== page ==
Despite a bleak macroeconomic picture, Indonesia’s non-life insurance market is well-diversified and underpinned by solid capitalisation, supporting a stable outlook assigned to the segment, according to a new AM Best report.

A new Best’s Market Segment Report, titled, “Market Segment Outlook: Indonesia Non-Life Insurance,” states that the non-life insurance market’s overall robust return on equity, supported by stable historical underwriting performance and strong balance sheet fundamentals, along with good government support including infrastructure plans and economic stimulus, are factors in the stable outlook.

The Indonesia non-life insurance market expanded by 14% year over year, to IDR 79.7 trillion (USD 5.4 billion) in 2019 from IDR 69.9 trillion (USD 4.9 billion) in the previous year, supported mainly by strong growth in credit insurance. Gross premium written (GPW) for credit insurance, the market’s third largest business line, increased by 86.2% to IDR 14.6 trillion in 2019. Property insurance, the largest business segment, also posted solid GPW growth of 9.7% to IDR 20.9 trillion. However, motor insurance GPW recorded muted growth of 0.3%.

AM Best believes that the non-life market in Indonesia benefits from a good business mix that will help to cushion any negative impact from the COVID-19 pandemic. Unlike other markets, which feature motor and health as the largest lines of business, Indonesia’s non-life segment is dominated by property and motor insurance, while credit, personal accident and health lines account for significant portions of total non-life GPW. Collectively, these five lines make up over 80% of the country’s non-life insurance premiums.

However, the decline in economic activity has had a direct impact on the non-life insurance segment. Non-life GPW in the first half of 2020 declined by 6.1% year over year, with the steepest falls in premiums were seen in the property and motor lines of business. Property insurance GPW

HAMBURG (Reuters) – Charges to refine copper concentrate (ore) into metal should remain stable in 2021 as the copper industry has come through the coronavirus crisis well, a senior executive at Aurubis, Europe’s largest copper refiner, told Reuters on Wednesday.

    “Mines are working at high capacity and ever more concentrate is coming onto the market,” said Michael Hellemann, Aurubis’ senior vice president, commercial. “I think we are facing comfortable concentrate supplies in 2021.”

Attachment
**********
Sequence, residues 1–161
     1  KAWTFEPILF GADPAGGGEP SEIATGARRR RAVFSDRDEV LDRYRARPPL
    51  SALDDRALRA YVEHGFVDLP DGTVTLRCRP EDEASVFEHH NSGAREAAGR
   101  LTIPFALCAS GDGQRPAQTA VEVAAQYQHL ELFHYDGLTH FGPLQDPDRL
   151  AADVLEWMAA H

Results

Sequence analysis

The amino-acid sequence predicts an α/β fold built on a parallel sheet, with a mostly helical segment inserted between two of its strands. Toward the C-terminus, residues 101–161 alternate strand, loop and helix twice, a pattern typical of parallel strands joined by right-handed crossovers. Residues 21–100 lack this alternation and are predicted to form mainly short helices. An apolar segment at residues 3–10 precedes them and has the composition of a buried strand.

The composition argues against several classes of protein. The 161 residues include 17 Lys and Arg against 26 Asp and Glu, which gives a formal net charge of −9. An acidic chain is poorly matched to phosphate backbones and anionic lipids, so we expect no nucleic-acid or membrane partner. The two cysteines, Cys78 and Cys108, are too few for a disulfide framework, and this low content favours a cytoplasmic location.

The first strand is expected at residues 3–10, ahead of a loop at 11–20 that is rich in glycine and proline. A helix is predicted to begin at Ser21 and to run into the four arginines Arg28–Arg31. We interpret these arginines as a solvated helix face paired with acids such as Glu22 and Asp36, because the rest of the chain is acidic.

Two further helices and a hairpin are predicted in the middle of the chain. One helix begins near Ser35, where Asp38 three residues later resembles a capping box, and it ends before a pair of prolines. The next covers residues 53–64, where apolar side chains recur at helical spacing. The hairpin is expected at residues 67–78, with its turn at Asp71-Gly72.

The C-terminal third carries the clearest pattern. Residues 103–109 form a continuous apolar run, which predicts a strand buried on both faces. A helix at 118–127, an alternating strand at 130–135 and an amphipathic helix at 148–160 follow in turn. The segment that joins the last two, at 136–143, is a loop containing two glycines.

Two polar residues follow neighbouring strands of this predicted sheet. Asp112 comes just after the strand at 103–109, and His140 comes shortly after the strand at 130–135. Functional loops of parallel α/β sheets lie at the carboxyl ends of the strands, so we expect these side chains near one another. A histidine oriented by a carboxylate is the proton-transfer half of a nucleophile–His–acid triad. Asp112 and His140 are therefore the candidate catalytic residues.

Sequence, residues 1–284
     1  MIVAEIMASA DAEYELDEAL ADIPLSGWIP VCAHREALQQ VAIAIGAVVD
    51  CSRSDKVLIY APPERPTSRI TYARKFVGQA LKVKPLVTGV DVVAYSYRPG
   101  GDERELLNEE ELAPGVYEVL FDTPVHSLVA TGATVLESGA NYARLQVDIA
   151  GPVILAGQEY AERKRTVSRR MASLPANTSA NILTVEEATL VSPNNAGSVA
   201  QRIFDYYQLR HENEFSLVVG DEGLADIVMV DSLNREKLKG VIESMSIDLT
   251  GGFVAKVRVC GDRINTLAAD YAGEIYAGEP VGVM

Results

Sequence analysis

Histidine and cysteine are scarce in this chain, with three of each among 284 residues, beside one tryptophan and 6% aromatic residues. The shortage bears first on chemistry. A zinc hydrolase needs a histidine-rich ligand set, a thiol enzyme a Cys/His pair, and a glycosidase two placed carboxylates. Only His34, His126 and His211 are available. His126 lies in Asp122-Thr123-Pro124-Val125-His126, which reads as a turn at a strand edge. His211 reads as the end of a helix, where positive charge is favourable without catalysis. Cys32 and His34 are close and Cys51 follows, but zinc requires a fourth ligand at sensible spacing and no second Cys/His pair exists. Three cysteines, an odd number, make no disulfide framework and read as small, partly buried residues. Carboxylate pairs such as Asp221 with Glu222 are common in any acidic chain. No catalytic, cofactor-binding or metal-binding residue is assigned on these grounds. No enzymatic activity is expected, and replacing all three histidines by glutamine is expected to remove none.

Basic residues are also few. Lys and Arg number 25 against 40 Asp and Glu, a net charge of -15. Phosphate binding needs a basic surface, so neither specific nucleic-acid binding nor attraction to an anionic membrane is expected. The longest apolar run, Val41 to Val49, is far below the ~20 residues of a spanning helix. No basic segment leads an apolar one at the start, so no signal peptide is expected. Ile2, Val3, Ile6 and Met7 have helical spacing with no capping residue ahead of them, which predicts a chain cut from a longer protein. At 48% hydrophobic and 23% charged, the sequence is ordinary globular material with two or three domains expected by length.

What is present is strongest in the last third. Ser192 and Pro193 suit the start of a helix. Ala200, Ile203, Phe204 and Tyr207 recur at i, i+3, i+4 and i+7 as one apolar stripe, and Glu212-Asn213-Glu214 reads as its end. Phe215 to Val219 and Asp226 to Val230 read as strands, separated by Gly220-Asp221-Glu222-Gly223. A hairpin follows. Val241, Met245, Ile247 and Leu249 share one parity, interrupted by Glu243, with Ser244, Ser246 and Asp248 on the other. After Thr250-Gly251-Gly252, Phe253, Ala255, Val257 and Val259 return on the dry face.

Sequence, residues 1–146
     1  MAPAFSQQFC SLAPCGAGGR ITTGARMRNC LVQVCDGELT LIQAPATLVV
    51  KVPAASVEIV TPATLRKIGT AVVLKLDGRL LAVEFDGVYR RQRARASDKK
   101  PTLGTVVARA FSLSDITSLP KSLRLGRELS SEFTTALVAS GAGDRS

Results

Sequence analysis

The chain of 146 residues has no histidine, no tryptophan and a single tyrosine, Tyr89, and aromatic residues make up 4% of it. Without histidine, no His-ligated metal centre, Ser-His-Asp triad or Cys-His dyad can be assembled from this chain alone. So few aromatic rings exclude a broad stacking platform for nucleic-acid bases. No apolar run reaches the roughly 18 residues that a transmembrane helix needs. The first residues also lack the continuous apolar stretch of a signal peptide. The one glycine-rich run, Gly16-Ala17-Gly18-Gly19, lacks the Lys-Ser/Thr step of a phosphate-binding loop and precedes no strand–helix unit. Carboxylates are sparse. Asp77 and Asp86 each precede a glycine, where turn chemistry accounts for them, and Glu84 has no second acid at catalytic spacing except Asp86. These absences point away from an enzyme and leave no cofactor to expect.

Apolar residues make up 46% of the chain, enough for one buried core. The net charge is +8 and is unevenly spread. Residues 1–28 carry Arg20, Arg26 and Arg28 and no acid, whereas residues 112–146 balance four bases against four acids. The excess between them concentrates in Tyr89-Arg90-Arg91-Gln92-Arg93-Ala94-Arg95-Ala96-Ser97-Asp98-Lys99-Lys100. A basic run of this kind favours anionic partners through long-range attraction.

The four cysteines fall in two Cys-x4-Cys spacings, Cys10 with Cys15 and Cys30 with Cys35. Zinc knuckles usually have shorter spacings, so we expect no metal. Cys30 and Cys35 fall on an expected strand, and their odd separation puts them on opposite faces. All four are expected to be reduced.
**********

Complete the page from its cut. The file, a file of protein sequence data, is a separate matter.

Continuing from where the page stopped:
Treatment and refining charges (TC/RCs), the cost of processing ore, are being discussed in the traditional year-end negotiations.

Miners pay TC/RCs to smelters to process their copper concentrate into refined metal and they are a key part of the earnings of smelters like Aurubis. Charges typically go down when concentrate supply is tight and smelters have to accept lower fees to get feedstock.

    “Overall the copper industry has come through the coronavirus crisis without the disruption seen in other sectors and in 2021 I expect abundant concentrate availability,” said Hellemann.

    “But there are a series of scheduled smelter maintenance shutdowns in 2021 which are expected to remove a significant amount of processing capacity from the market so mines will have to offer attractive TC/RCs to gain smelter capacity.”

    TC/RCs in 2020 are $62 per tonne/6.2 cents per pound, with recent forecasts of a fall to $60 a tonne.

But fourth quarter TC/RCs in China firmed.

    Premiums for copper products in 2021 are also set to be announced in coming weeks. In 2020, Aurubis gave a premium of $96 per tonne above London Metal Exchange (LME) prices.

    “Considering the current copper market situation, I am cautiously optimistic we will see little change in premiums in 2021,” Hellemann said. “The copper market is looking positive with the Chinese economy recovering. Aurubis is retaining its forecast for profits in this